This style delights me. It combines frame-by-frame drawings with modern animation software.

Using Clever Camera Angles

Traditional hand-drawn animation presents the characters from multiple angles. Sometimes they’re shown from the back, sometimes they're in profile. Traditional animation also uses insert and specialty shots. To achieve this look, Mouse Bros combines over 30 CTA files. Each file contained a specific angle or movement.

It’s a huge amount of work, and you must compile the footage in Premiere Pro. This, however, is the price of creating a cartoon with a high production value.

Imagine Mouse Bros from one angle. They race across the screen in profile, jump the canyon like Mario, then converse in a single angle. Would that be interesting? Would it tell a story of hunger and betrayal? No!

Failure to animate from diverse angles traps many CTA users (myself included before I was corrected). If you only tell a story from one angle, it’s flat and boring and the mark of a low budget.

Additionally, you can hide a lot in the cuts. For example, most animated 2D characters don’t turn well. In the past, we’ve created characters like Jowl, the grumpy bird that came with CTA4. This allows for smooth, natural turns. For larger, more complex characters, however, this doesn’t work. Instead, you can “turn” characters between cuts.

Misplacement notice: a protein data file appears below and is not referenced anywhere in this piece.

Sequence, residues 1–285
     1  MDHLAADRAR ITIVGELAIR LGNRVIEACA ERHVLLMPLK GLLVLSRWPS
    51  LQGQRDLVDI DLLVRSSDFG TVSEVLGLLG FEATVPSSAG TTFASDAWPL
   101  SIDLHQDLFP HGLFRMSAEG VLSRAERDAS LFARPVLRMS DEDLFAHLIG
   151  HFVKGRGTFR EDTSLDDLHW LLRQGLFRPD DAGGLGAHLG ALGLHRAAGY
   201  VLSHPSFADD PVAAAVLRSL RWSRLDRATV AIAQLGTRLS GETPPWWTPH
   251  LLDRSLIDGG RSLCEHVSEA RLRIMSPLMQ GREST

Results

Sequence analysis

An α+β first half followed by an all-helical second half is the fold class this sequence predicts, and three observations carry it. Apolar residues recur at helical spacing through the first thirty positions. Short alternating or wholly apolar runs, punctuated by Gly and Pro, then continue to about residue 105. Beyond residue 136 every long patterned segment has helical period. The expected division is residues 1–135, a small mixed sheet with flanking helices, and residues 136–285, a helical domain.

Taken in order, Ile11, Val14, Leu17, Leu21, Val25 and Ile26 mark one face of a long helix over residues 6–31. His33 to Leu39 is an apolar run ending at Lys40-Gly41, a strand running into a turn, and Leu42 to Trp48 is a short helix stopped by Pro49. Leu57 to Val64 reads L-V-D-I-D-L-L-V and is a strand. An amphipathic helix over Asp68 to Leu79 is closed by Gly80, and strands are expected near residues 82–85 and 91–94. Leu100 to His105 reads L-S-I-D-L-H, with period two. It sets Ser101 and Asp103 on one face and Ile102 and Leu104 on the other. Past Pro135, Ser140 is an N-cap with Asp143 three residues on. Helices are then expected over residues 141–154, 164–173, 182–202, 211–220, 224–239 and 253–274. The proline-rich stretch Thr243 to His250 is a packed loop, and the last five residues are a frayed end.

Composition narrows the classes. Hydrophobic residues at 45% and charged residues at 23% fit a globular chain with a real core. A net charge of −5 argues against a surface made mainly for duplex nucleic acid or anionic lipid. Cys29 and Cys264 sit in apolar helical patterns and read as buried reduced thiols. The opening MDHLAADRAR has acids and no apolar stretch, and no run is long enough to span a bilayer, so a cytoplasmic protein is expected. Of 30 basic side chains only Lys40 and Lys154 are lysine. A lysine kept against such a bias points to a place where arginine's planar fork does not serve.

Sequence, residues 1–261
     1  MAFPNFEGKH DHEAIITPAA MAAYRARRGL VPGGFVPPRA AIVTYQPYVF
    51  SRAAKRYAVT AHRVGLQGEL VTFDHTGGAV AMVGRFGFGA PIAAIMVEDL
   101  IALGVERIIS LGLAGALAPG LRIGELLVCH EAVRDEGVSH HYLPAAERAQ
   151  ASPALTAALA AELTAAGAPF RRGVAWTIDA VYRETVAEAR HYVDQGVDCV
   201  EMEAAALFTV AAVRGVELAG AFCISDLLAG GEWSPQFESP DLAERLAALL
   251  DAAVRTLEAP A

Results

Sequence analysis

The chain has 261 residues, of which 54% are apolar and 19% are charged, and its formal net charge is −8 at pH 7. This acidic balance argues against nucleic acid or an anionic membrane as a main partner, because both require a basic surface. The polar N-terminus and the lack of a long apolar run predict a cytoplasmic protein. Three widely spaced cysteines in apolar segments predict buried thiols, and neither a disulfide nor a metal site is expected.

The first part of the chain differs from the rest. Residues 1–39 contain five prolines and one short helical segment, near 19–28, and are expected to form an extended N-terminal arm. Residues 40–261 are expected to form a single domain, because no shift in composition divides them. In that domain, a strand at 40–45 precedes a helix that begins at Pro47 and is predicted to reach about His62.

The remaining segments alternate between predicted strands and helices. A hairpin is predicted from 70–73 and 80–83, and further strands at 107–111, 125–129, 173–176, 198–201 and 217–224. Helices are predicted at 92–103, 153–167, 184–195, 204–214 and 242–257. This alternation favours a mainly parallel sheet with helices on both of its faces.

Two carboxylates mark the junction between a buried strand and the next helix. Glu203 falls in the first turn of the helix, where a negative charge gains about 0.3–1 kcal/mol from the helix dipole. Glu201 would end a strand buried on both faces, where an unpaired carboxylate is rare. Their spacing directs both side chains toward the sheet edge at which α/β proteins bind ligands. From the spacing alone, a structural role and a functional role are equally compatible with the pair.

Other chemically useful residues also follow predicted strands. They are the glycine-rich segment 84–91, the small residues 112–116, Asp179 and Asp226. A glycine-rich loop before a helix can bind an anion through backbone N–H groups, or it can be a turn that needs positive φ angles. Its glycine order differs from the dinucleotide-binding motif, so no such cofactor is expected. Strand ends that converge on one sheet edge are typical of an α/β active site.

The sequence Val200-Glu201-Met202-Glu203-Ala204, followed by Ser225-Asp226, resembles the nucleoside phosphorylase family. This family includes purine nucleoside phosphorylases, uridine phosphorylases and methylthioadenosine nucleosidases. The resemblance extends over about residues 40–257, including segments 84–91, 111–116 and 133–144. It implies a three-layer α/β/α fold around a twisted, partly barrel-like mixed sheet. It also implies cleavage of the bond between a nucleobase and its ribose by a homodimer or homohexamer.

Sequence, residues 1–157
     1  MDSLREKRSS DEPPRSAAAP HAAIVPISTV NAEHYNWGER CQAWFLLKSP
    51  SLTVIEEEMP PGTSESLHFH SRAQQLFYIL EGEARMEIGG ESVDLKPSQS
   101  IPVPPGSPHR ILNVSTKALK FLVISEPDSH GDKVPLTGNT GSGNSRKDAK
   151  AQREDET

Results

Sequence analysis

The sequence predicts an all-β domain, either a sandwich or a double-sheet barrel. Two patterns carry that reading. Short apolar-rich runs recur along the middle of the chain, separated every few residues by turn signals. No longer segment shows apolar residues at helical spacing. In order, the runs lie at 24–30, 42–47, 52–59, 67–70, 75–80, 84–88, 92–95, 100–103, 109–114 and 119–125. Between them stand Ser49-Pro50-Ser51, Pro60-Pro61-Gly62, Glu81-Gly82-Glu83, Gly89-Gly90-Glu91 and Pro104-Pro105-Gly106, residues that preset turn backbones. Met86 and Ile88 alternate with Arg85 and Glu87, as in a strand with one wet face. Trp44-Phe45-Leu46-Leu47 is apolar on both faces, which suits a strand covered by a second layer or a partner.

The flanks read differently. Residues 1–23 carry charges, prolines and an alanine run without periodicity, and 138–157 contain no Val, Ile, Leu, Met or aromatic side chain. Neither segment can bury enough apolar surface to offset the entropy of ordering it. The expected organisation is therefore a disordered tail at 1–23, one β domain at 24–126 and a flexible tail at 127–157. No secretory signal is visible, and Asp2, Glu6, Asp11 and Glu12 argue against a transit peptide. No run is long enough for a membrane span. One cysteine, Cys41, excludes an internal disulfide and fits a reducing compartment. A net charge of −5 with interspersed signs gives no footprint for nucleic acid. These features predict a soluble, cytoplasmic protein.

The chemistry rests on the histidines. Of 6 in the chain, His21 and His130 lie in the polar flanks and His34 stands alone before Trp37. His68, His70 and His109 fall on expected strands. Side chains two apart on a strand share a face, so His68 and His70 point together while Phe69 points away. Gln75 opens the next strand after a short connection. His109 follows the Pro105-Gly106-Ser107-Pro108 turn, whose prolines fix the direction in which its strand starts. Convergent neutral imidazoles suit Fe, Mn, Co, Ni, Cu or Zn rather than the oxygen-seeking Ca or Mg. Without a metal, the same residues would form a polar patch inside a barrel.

Imagine two characters facing each other, and you want one of them to turn away. Cut to a different camera angle, then place the character in the desired direction. To the audience, it appears that the character “turned” during the cut.

Finally, use framing to toy with viewer expectations. As Kevin Keniry, one of our writers, explains, “In the establishing shot of Mouse Bros, we showed the mice holding the handlebars. This shot was the setup for the conflict of the episode, but this focus also allowed us to flip the viewer’s expectations. The handlebars were attached to pogo sticks rather than motorbikes.”

Snappy Dialogue and Tight Writing

To make the most of CTA5, you must tell a good story. As Cody Marcotte writes, we always want to elicit an “emotional response, from happiness to sadness and everything in between.” And in Mouse Bros, we decided to go Shakespearean.

We go to great lengths to perfect a character’s voice, and we have fun doing it. As Peter, the voice of Richard, facetiously writes, “I look the character in the eye and he begins to whisper. The character chooses the voice, and my body is but a vessel.” 

Phil, the voice of Duncan, shares a similar philosophy. He writes, “Being a great voice actor means that you’re able to fully immerse into the role, bring life to a character, and put on a believable performance as them; though to do so, it’s important to remember to research your character, practice your lines, and to be confident in your performance.”

To build toward the climax, we created an intense race sequence. We’d never before engaged in visual storytelling. Our stories are generally carried by dialogue. With Mouse Bros, however, we wanted to expand our horizons.